We recently received the good news from England that some of the six comrades who were arrested last spring on charges of “Conspiracy to Cause Explosions” (see “Anarchists Arrested in Britain,” FE #293-294, August 21, 1978), have been released on bail and the “Conspiracy” charges have been dropped.
The six were arrested in a series of raids throughout the British Isles, after which the news media had a field day reporting on so-called “anarchist cells” and the emergence of the “new Angry Brigades.” But it wasn’t long before the government’s prosecution on “conspiracy” charges fell flat; it seems their only evidence was packets of sugar, flour, weed killer and some garden wire. Not exactly what one would choose if planning to construct a bomb!
The comrades who were recently given bail are Trey Dawton, Taff Ladd, Vince Stevenson and Iris Mills (Mills was the only woman arrested in the police raids and was kept in almost complete solitary confinement in the top security Brixton men’s prison. Unfortunately, this doesn’t necessarily mean that all of the comrades are out of the woods.
Although the government has been forced to drop the charges of “Conspiracy,” they now have brought 30 new charges against the six which include such things as bank robbery and the possession of guns and ammunition. (The Dec. 23, 1978 issue of the London Guardian newspaper reported that one of the six has admitted to six of the charges, but since we have heard no news of this from comrades in England, we don’t know if this is accurate.)
It now seems quite evident that the only conspiracy is that of the British government and the British Anti-Terrorist Squad.
Over the last year, Britain’s police chiefs have been asking for more and more power. The passing of the Prevention Against Terrorism Act by the British Parliament last year was the first granting of this new power, but since there aren’t any Red Brigades or RAF functioning in the U.K., the police, in an attempt to show that their new preventive laws were needed, created a “terrorist threat.” Of course, their first choice was the anarchists. It seems now that Britons are being prepared for a militarization of the police and the country in general as the economic conditions in the U.K. get steadily worse.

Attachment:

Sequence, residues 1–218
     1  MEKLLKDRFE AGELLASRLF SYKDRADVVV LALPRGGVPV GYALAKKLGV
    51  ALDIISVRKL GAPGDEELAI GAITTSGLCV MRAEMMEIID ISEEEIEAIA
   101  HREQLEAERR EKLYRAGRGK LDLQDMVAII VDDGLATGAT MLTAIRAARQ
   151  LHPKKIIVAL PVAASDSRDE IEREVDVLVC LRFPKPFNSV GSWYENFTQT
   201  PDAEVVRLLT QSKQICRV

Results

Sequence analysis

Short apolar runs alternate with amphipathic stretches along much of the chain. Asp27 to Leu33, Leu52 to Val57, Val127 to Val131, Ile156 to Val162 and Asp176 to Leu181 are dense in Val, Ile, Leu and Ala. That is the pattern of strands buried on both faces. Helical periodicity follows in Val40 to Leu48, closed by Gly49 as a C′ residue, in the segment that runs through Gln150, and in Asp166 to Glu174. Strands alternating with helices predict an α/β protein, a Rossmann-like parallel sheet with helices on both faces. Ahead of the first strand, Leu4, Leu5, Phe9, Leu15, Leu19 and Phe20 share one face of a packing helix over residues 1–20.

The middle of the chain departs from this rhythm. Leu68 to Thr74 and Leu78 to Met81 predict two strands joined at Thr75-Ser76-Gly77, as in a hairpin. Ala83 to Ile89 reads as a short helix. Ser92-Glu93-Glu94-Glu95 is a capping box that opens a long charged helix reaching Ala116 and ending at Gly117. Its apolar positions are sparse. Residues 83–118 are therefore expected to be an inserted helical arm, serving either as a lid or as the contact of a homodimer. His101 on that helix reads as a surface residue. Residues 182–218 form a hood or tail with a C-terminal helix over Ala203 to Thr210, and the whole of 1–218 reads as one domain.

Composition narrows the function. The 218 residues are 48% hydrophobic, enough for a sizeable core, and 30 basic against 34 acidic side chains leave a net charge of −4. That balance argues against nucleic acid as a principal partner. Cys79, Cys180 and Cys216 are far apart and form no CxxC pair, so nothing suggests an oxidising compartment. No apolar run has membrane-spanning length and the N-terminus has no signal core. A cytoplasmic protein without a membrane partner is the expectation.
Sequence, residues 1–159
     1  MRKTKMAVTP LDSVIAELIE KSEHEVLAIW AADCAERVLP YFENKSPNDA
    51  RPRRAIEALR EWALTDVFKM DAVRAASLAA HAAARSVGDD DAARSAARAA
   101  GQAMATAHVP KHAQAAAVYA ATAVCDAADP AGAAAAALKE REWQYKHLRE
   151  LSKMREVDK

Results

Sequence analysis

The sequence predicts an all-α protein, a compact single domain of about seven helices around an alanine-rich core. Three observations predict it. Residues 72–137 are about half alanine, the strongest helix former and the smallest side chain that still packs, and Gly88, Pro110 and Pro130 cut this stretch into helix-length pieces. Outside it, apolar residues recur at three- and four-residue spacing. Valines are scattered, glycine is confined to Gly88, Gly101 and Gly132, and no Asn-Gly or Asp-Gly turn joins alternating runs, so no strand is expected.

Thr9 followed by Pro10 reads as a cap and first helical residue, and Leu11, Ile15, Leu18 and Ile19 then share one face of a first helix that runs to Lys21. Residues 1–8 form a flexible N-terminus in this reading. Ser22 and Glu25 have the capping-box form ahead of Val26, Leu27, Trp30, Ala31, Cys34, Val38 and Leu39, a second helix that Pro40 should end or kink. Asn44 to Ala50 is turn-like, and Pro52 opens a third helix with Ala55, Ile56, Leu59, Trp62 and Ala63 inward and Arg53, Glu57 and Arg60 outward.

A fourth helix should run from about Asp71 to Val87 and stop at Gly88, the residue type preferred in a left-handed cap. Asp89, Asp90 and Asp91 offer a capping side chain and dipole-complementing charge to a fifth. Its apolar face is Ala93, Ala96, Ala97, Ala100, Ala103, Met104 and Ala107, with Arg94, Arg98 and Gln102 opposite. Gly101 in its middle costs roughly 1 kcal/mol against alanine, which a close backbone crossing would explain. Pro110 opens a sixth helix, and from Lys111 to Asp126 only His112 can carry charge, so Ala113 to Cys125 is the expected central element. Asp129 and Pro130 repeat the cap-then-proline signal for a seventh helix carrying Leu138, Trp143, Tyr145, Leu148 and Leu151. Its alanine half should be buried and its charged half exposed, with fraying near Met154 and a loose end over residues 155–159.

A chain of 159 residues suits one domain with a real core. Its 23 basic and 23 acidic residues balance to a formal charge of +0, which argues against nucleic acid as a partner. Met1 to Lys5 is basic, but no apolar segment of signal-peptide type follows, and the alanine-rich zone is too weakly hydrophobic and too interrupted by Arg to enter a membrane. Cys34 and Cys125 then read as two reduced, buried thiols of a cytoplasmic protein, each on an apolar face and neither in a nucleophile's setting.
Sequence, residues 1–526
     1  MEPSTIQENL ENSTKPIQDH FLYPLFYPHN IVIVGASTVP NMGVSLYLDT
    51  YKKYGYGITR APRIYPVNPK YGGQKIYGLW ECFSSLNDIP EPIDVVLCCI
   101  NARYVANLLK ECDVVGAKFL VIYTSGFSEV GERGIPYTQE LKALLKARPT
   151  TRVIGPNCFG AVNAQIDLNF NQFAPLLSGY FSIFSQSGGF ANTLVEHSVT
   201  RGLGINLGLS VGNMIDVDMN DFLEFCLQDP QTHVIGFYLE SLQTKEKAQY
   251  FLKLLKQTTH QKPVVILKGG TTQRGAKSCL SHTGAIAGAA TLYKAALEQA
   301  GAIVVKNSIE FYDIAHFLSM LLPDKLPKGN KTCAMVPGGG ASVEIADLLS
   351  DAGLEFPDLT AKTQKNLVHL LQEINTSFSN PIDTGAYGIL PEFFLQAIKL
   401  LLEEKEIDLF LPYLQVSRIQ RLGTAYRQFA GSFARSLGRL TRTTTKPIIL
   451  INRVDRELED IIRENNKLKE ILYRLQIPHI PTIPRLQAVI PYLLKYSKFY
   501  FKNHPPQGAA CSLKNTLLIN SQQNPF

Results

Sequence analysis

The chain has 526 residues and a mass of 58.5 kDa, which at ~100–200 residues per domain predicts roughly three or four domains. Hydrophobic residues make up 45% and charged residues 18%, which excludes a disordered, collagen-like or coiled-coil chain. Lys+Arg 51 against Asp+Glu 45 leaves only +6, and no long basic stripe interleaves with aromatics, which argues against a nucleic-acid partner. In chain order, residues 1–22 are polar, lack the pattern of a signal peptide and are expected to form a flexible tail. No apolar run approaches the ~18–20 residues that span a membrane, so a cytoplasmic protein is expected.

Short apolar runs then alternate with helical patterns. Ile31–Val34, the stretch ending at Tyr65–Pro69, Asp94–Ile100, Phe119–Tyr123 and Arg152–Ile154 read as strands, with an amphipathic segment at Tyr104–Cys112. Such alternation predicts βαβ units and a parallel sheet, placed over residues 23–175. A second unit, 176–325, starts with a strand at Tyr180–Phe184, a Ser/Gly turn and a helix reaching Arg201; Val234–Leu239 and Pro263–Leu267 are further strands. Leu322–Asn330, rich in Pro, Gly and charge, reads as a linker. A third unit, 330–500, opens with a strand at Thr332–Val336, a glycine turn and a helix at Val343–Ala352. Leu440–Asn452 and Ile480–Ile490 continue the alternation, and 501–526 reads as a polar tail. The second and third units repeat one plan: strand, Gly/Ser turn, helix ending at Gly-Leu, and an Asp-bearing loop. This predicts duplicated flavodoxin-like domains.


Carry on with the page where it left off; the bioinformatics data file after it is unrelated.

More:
In a recent letter, a comrade in Britain wrote, “In 1974 Heathrow Airport was occupied by the police and the army in January, June, July and September supposedly to prevent Palestinians from shooting down an aeroplane and one of the other reasons was to protect the delegates arriving for the Socialist International Conference. There have also been cases where soldiers have been seen in the London tube (subway) boarding trains with rifles over their shoulders. Actions like these seem to be no more than getting us used to seeing armed police and army parading- in the streets. Do you follow me?”
Taking into account the use the London police have made of new anti-riot practices against groups opposed to the National Front (Britain’s relatively new neo-fascist party) and the police and army occupation of London over the December Holidays (supposedly to stop a new wave of bombings by the Irish Republican Army), the militarization and the stifling of all political and social opposition to the government in Britain seems to be well on its way. And this is where the arrests of the six anarchists comes into play, since all the questioning when people were raided and when Iris and Roan were arrested, related to their ideas, about anarchist groups and about anarchism in general. Iris herself was told that the case against them was a political case and that the police would use their (the anarchists) ideas. The question of whether any of the six is innocent or guilty appears irrelevant. The case will be fought and won or lost not on guilt or innocence but on their political ideas and how much hysteria can be generated in time for the trial.
As our British comrades point out, if the six are convicted, the State will have the perfect excuse to push through all the repressive legislation it’s got in store without even suffering the inconvenience of a ‘real’ terrorist group in England; and after the six, who will be next?
Note: Any support that you’d like to send to the six comrades can be sent to either Persons Unknown, Box 123, 182 Upper Street, London N1, England, or to Black Flag, c/o Box A, Over the Water, Sanday, Orkney, Scotland.
A more in-depth article on the history and background and present situation of the six comrades can be found in the latest issue of Black Flag (available at the above address).